Matt Towery

Sure the '70s were full of advances. Telecommunications started exchanging analog for digital. That brought us touch-tone phones and the common but clumsy hand-held calculators. But these products couldn't seem to get past the "almost there" stage as revolutions for industry and our daily lives.

Not coincidentally, the '70s were also plagued by economic malaise. President Richard Nixon tried to end it with wage and price controls. President Gerald Ford launched his "Whip Inflation Now" campaign, which included lapel buttons to boost morale. President Jimmy Carter presided over both high inflation and high unemployment. Whether led by Republicans or Democrats, those were years Americans just couldn't find a way out of the darkness.

The first years of this decade are looking eerily similar. The early '70s were polluted by the last phase of the Vietnam War. The past few years have been similarly overshadowed with the unprecedented battle against terrorists, including the aftermath of the war in Iraq. Serious international conflicts like these often drain capital and other resources that might otherwise be channeled toward the kind of groundbreaking public and private innovations that keep societies moving ahead.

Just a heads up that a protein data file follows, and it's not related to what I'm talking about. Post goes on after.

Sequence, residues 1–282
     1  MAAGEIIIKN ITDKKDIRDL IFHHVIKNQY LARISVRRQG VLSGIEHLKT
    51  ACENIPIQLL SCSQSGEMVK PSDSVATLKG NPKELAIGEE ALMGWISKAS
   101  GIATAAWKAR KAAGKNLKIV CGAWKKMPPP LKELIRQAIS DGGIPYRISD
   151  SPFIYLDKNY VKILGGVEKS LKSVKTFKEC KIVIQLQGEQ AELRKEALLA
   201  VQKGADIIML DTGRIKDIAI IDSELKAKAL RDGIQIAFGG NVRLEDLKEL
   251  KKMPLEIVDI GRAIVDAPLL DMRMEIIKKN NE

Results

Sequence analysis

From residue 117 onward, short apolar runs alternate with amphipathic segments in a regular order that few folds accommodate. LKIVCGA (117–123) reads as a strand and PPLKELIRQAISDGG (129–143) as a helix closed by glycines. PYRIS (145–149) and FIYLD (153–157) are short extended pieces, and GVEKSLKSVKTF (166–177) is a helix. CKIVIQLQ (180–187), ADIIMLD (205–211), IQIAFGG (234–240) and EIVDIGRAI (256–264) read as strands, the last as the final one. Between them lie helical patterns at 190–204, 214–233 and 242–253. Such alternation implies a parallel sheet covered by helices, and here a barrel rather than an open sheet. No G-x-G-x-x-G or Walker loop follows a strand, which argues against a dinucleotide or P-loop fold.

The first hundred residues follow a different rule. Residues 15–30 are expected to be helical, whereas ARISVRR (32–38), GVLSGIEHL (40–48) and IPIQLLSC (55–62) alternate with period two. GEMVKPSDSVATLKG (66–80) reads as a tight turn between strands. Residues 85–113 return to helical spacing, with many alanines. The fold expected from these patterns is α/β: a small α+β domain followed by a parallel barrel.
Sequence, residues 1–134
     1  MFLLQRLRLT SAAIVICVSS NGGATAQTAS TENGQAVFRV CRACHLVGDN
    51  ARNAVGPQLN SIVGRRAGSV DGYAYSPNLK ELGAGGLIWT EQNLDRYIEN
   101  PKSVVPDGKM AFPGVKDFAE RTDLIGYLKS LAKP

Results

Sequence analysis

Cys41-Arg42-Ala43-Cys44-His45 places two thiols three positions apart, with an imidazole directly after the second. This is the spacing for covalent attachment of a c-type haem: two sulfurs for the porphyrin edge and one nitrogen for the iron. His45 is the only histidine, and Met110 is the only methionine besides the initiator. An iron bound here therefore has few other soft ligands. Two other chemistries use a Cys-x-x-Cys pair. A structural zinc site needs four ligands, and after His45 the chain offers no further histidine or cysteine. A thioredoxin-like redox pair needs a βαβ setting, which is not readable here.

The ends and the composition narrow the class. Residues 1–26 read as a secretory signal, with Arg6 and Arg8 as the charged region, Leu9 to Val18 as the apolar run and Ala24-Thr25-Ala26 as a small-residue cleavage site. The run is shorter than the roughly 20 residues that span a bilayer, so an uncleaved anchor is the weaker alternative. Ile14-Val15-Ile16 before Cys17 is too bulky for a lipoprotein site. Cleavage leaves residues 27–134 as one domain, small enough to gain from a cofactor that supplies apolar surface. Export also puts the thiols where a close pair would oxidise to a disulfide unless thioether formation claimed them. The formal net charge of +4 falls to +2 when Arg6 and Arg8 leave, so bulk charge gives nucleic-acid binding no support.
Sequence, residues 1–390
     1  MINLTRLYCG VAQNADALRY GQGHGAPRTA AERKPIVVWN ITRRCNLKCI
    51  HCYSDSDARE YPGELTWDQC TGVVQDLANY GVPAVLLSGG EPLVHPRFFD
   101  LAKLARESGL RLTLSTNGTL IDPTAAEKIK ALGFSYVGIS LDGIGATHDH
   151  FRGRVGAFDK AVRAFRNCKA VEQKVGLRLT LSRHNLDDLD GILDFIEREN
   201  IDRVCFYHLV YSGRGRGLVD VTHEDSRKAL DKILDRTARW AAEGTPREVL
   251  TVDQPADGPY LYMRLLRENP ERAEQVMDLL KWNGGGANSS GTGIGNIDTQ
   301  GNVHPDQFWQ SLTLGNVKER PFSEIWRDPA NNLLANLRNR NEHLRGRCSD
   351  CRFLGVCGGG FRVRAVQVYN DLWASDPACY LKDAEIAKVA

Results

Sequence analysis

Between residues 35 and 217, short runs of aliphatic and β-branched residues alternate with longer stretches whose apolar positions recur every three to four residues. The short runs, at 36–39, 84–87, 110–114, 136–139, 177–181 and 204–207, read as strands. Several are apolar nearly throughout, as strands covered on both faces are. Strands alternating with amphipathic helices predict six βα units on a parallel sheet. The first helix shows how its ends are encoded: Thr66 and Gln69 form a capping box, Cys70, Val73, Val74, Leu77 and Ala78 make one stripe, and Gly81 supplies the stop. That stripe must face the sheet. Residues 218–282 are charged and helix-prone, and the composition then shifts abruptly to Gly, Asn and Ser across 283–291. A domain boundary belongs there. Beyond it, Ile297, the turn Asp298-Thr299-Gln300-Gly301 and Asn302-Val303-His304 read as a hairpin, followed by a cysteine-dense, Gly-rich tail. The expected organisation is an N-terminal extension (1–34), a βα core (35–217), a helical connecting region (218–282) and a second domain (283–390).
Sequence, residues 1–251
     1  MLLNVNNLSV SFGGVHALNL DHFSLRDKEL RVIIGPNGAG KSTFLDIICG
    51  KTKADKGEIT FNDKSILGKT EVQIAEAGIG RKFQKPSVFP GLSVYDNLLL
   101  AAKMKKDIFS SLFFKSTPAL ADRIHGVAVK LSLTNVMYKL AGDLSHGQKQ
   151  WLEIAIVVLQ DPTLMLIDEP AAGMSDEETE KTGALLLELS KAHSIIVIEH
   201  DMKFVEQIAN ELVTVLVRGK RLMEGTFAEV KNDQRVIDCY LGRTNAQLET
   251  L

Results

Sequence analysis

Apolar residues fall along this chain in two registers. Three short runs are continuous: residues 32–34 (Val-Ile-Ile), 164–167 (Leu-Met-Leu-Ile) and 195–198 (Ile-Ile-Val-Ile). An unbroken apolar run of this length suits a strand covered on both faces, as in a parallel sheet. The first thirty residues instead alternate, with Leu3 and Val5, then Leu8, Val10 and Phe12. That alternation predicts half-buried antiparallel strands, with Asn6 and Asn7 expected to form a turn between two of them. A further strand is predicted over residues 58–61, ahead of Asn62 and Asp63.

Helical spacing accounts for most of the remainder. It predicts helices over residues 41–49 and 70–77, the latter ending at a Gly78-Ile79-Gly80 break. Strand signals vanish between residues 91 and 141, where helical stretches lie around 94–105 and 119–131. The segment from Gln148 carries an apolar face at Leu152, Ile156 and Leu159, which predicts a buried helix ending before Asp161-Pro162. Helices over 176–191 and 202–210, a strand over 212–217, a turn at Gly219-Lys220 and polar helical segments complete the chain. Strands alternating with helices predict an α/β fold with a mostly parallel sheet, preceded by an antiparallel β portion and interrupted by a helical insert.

Until we as a nation create something truly new, we will keep seeing our economy being powered by "the service industry." This economic model boils down to people endlessly handing the same dollar back and forth among themselves.

Unfortunately, the office of the president can't fairly be expected to be the source of the economic rabbit out of the hat we need to produce a "new new" product or invention. As a result, it's likely next year's election will be more about dealing with the economic and technological hand we've already been dealt.

So with modest expectations, a marginally improving economy over the next year may be enough to lift Americans' spirits -- and to keep Bush in office for another four years. But let's not be fooled. Ignition of the next economic boom likely depends on, well, something that most of us have yet to hear about, or even to imagine.

But take heart: The 1980s started slowly, even as many laughed at Gingrich's computer tax-break proposal. And given the unprecedented years of prosperity that soon followed, few of those amused observers will now admit their error in judgment.

Laugh at your own risk.


Matt Towery

Matt Towery is a former National Republican legislator of the year and author of Powerchicks: How Women Will Dominate America.
 
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